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Congratulations to Jordan, Sean, Hunter, Christos and the rest of the team. Read the rest of the article here. (Posted by AndrewH)

Stories well told

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I’ve posted a couple of times about the visual lushness of Excelente, the premium-class cabin magazine Ink produces for Iberia but what I haven’t mentioned is the quality of the feature stories. The May issue, cover above, has a couple of absolute gems.

There’s the profile of Takuya Ishimine, 55 years old, born and raised in Osaka, who fell in love with reggae after hearing Bob Marley’s Redemption Song on Japanese radio. He managed to get himself sent to Jamaica as an employee of a Japanese coffee company but then he was made redundant. Instead of packing up and returning home he took over ownership of a Kingston record store after its Jamaican owner was gunned down and killed.

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For the last three years, in his loosely fitted, patterned cotton shirts, khaki shorts and flip-flops Ishimine opens up shop each morning, even though he can go several days without a sale. To supplement his income he serves Blue Mountain coffee and hand-makes record sleeves from assorted colours of cartridge paper. ‘Jamaica is still a paradise for me and now I can “eat a food” [make some money] and enjoy myself here,’ Ishimine told journalist Patricia Meschino. The photographs are by Chema Llanos.

Then there’s this:

The Eva Jocelyn arrived in the neighbourhood of Anibong – District 68 of the city of Tacloban – along with a host of other tragedies, when Typhoon Haiyan, known as Yolanda by its victims, swept through the Philippines. The 3,000-tonne cargo ship had been anchored in San Pedro Bay, on the San Juanico Strait, with its 19 crew members onboard. At 7am on 8 November 2013, Yolanda’s screaming 316kmph winds launched the ship at the capital of the Eastern Visayas Islands. It flew like a toy boat through the streets, adding to the devastation suffered by 80% of the structures in the city. Sliding to a halt, it embedded itself in the house of Estrella Moro. The bow pierced the second floor of the Moro home and there it stopped, the last voyage of the Eva Jocelyn.

That’s the opening paragraph of the story that goes on to describe how the Eva Jocelyn, which brought destruction to a Filipino village, rapidly became a focal point for the devastated community as the ship’s auxiliary engine provided a sole source of electricity. Local businesses like soft-drink sellers set up close by, while elderly card players found the shadow cast by its looming hull was a cool place to sit and the women did their laundry there.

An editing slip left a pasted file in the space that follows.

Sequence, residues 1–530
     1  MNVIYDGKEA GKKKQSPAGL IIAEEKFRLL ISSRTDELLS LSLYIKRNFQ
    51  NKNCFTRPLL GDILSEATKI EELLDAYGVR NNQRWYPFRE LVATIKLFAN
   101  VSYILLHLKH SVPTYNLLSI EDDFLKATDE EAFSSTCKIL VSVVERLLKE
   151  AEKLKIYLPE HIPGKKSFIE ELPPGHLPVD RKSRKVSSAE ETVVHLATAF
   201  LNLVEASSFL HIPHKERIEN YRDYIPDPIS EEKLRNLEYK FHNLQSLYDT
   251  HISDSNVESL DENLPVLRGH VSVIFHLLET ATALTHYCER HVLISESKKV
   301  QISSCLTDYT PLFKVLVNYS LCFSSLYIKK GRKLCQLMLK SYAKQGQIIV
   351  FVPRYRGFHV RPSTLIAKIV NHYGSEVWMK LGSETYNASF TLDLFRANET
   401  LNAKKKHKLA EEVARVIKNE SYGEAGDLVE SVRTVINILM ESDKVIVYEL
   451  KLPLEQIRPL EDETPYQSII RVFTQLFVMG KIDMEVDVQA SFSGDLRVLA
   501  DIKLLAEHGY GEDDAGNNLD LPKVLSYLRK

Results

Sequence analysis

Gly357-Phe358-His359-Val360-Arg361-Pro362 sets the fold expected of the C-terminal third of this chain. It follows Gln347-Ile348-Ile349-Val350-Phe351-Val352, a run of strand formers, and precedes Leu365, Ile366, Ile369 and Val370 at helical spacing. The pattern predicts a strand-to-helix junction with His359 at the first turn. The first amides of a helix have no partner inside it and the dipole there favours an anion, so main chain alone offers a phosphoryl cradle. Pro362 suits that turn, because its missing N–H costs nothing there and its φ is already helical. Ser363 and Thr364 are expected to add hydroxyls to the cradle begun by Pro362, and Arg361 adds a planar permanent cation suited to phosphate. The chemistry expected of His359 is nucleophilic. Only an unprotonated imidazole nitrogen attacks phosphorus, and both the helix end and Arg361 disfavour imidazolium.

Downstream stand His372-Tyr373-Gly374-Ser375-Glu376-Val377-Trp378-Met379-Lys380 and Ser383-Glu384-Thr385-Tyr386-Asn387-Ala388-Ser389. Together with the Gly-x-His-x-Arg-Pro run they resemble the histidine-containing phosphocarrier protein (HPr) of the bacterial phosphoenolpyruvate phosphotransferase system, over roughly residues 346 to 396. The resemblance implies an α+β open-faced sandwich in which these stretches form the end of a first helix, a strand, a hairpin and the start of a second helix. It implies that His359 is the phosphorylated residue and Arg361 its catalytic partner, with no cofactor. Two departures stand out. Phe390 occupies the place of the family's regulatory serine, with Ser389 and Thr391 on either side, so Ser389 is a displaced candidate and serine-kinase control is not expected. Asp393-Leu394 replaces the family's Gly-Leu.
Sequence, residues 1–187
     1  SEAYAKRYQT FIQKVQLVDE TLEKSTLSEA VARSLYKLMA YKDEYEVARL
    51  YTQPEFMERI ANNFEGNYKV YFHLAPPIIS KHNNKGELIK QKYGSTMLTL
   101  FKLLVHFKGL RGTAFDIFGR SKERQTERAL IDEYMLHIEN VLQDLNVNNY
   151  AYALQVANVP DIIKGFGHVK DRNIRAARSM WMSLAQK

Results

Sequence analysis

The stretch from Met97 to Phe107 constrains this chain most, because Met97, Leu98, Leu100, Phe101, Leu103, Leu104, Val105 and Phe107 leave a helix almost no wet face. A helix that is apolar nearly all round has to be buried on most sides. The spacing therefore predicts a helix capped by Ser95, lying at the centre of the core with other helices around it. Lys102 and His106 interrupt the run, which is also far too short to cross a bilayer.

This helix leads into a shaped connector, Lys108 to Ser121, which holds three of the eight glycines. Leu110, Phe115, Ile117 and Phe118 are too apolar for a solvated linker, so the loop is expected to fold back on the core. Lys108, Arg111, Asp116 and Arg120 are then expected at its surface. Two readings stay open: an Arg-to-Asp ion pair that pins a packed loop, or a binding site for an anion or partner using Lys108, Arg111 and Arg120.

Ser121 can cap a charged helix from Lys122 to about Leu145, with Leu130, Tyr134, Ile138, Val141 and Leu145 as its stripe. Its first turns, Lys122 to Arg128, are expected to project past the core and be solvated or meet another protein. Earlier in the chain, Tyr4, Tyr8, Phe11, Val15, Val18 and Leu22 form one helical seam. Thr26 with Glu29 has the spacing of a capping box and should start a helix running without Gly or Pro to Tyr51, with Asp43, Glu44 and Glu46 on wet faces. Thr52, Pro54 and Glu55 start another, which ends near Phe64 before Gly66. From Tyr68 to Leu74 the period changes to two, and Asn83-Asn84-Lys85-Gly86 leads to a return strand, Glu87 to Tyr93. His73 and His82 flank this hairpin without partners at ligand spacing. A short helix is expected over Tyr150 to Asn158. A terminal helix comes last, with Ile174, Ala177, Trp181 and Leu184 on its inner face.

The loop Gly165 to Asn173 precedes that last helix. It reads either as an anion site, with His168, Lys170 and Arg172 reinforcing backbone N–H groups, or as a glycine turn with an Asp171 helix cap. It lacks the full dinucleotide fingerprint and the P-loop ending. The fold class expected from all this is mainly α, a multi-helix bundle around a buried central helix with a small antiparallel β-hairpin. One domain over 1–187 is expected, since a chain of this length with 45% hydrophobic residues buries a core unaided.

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It reads like something from the pages of a novel by Gabriel Garcia Marquez, except the tale is true and there are stunning photos to prove it. Both words and pictures are by Spanish photo-journalist Daniel Burgui Iguzkiza.

Credit also to Ink editor Jesus Huarte for unearthing these amazing stories. (Posted by AndrewH)

More Norwegian (potential) glory

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N by Norwegian has been shortlisted in the 2015 PPA Awards in two categories including Best Cover (see above), in which it is up against Crumbs, Time Out, Shortlist, Radio Times, GQ, Elle, Red, The Big Issue and Country Life. Go here at once and give it your vote.

N by Norwegian is also up for Customer Magazine of the Year against the likes of High Life, Waitrose Kitchen and last year’s winner Slimming World. (Posted by AndrewH)

I never read. I just look at pictures…

…is something the Picture Desk team and Andy Warhol (sort of) have in common.

As picture editors, we of course have to, and might I add – enjoy to, read the stories that land on our desks. But our thing, just like Warhol, is pictures. And since I’m no wordsmith, I’ll keep this short!

We’re fortunate to work with some fantastic photographers and want to show them off. So here’s a sneak preview of some of next month’s commissions from the London office…

Ben Quinton went to Florence’s Botanical Gardens for Ronda.

Josh Shinner photographed Petitie Meller, Spector, Andreya Triana, Twin Atlantic, Kwabs and Gaz Coombes for easyJet Traveller’s Sounds of Summer feature.

Greg Funnell made the most of the extra hour of daylight in Mexico for Thomas Cook Travel.

And finally, our resident photographer Tim E. White braved the bright lights of Las Vegas and LA for n by Norwegian’s neon cover story.

(Posted by Julia Holmes)

Rhapsody rhapsodised